due diligence

Short Cuts

© Can Stock Photo / BackyardProduct

When I was a child, a friend and I were off on some adventure or other. We arrived back at his home quite a bit later than expected. His mother was waiting, and demanded an explanation. My friend’s answer was Marx Brothers-quality dialogue: “We took a short-cut!”

His mother seemed to think that a short cut ought to reduce travel time, not increase it.

Some financial professionals and investment advisors take a very similar short cut. They adopt the view that it is either not possible to do better than the market averages, or not worth the effort of trying.

The reasons sound plausible, but may not stand up under examination. Human nature often encourages counterproductive behavior. We believe untrained human nature is a poor guide to investing; training and education may improve investor behavior, which may improve investment results. But the short-cutters seem to pander to human nature in its untrained state.

Active investment managers typically underperform the market averages, and this is often cited as evidence “it is too hard to beat the market.” What many fail to see is that active managers have human beings as customers, so may include popular investments and avoid out-of-favor sectors in order to draw more funds to manage. These tactics, of course, may be detrimental to actual investment results.

So that human nature thing enters into that argument, as well.

Life is straightforward for the short-cutters. They typically avoid the hard work of researching specific investment opportunities; they spend no time reading SEC filings, press releases, and conference call transcripts. They have no reason to try to understand the role of emotion driving money into different market sectors.

Hey, it is a free country and we are glad it is. Each person is entitled to his or her own opinion; investors are free to use or ignore any advice or advisors.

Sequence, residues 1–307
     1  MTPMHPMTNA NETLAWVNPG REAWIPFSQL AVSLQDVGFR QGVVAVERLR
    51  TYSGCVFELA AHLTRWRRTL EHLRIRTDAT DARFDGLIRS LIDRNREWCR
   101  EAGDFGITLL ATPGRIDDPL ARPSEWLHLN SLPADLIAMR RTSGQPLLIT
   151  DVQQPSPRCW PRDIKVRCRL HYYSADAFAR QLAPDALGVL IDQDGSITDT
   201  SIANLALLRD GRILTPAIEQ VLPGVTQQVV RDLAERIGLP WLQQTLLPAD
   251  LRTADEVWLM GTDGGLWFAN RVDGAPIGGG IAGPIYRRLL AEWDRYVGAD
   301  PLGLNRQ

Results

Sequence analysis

The short-cutters have become very popular. At the same time, with your help, our business has continued to grow and prosper. We do not mind the existence of short-cutters; they may actually reduce the competition for favorable opportunities. But we do want you to understand what we are talking about, and why.

If you have questions or comments on how this may apply to your situation, please write or call.


The opinions voiced in this material are for general information only and are not intended to provide specific advice or recommendations for any individual.

Buyer Beware: 4 Tricks to Inform Yourself With

© www.canstockphoto.com / bradcalkins

Investing offers a seemingly infinite range of approaches, methods, products, services, and theories. The abundance of alternatives can be confusing, or even paralyzing. We can equip you with four ideas that may help you to winnow the choices down to ones that are more likely to help you.

  1. Some of the highest-cost products attract the most persistent sales people. If you are being pursued by a seller who is willing to spend a great deal of time and effort and travel to connect with you, assume that there is a very healthy paycheck in the deal and know that you’re ultimately the one who will pay for it.
  2. Sellers love to spend a lot of time with the glossy sales brochures that are full of hope and promise, not the prospectus. You will learn about the dangers and risks and conflicts of interest and the costs from the prospectus, not the brochures. Two things to do: read the front cover of the prospectus, and have a knowledgeable third party review the whole document. If you encounter resistance to the idea of studying the prospectus, you know there is information in there that you should have.
  3. Some financial firms have gotten into the business of manufacturing their own ‘house brand’ products. These products may be impossible to move from that firm should you later elect to do business elsewhere. And companies that manufacture and distribute products have conflicts that independent firms do not. Beware of house brands.
  4. Second opinions do not cost, and may reward you. If you have any questions or concerns about a product being sold to you, call us for a complimentary review.

Bottom line, avoid being “sold.” Take advantage of the legally required disclosures in the prospectus. Beware of house brands. Seek second opinions.


The opinions voiced in this material are for general information only and are not intended to provide specific advice or recommendations for any individual.